New Study Demonstrates Many Ways to Cut Carbon Pollution, Meet the Low Carbon Fuel Standard
Posted June 13, 2013
A new study by ICF International, commissioned by a group of investors and clean fuel producers, was released today and found that faster-than-expected growth in many clean, alternative fuels would allow California’s Low Carbon Fuel Standard to be met out to 2020. The ICF report looked at eighteen different alternative fuel technologies that are reducing carbon pollution and helping move the state beyond oil dependence.
Some of the major findings include:
- The Low Carbon Fuel Standard (LCFS) is “driving investment in low carbon ethanol, biodiesel, renewable diesel, and biogas.” One of the primary goals of the standard is to reward innovation and improvement in the fuels industry.
- “Compliance with the LCFS can be achieved through modest changes and a diverse supply of transportation fuels.” In general, three different scenarios show that many cleaner alternative fuels – from electric transportation, to cellulosic ethanol, renewable diesel, and biodiesel and natural gas used in trucks – will be available to allow the standards to be met.
- Despite delays in some fuels like cellulosic ethanol, other like low-carbon biodiesel and renewable diesel are being produced in larger volumes than expected. The performance-based, flexible nature of the standard allows any number of clean fuel technologies to be utilized and incentivized.
One of the interesting trends across all three scenarios is that the clean, alternative fuels continue to improve over time. For example, the 1.4 billion gallons of ethanol that has been used historically in California and largely corn-based increasingly improves and shifts to lower carbon feedstocks, including cellulosic-based fuels such as those made from grasses and agricultural waste. The report also identifies the benefits of additional ways to reduce carbon emissions, including expansion of off-road electrification such as electric forklifts, buses, and rail, as well as reducing emissions from extracting crude oil, a process that can release high amounts of carbon pollution).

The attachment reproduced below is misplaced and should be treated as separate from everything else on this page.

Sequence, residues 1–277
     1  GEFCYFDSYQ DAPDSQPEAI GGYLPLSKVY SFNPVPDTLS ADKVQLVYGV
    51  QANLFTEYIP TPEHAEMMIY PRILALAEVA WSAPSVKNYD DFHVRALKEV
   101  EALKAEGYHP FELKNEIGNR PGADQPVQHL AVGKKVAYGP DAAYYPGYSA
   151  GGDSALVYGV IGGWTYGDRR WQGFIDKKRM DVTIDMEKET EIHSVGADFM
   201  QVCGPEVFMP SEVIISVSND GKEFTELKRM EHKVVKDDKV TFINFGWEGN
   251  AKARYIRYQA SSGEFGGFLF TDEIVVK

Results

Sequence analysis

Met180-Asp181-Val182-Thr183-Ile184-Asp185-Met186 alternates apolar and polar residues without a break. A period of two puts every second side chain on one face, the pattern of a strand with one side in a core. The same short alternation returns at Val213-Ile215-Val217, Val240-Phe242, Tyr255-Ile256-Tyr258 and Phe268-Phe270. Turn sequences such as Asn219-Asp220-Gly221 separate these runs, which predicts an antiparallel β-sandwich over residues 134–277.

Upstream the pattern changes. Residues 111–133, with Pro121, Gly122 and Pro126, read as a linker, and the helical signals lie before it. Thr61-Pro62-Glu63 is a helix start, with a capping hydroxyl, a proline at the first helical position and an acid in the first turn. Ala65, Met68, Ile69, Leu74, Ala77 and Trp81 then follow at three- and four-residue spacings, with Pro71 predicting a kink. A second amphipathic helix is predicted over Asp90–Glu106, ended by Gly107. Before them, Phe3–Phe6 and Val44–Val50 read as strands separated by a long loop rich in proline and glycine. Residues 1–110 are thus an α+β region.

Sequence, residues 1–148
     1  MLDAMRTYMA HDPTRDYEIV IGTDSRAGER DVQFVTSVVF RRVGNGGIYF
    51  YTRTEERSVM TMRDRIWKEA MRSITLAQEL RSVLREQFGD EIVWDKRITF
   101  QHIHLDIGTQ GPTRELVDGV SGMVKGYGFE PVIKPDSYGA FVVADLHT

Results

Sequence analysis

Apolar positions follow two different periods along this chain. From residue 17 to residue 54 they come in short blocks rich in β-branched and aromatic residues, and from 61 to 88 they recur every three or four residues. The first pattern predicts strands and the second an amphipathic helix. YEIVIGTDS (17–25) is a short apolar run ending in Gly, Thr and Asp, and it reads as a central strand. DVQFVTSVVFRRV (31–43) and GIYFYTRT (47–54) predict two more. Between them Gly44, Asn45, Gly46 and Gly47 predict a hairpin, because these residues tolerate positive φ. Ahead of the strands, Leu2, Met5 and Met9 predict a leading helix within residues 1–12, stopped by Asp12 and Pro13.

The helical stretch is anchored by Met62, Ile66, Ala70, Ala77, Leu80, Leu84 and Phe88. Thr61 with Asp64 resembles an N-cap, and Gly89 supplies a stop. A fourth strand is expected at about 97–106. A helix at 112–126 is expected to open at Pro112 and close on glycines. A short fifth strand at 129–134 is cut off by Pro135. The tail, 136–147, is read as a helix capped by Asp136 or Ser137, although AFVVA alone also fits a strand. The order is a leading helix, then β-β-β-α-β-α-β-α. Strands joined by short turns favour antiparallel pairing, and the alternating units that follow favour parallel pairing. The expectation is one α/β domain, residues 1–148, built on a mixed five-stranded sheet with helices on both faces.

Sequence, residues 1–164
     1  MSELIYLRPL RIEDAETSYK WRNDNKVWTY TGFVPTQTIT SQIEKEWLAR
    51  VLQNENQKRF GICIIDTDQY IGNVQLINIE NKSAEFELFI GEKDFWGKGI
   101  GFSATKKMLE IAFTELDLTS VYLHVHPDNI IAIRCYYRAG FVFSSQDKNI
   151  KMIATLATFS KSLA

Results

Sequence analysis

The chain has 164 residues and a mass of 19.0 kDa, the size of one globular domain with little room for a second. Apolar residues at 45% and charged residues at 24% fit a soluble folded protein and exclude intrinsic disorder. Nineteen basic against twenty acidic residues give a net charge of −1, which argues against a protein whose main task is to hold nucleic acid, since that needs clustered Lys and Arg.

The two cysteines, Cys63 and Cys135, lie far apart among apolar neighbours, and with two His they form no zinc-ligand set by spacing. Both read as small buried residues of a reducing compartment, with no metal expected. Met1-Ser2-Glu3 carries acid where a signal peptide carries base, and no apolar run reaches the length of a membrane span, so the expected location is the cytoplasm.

The ICF study comes in direct contrast with the now heavily debunked, oil industry-sponsored study that claimed there were few ways to reduce carbon emissions in the transportation sector and most alternative fuels would be largely unavailable through 2020 (see my previous blog). Fortunately, the LCFS is working as intended with nearly 3 million metric tons having been reduced through the end of 2012 and the oil industry over-complying with the standard. The ICF study analysis provides further proof that setting a clear goal and letting industry find the best way to reach it can spur the type of innovation and investment in California that is not only diversifying our fuel supply, but benefiting the environment.
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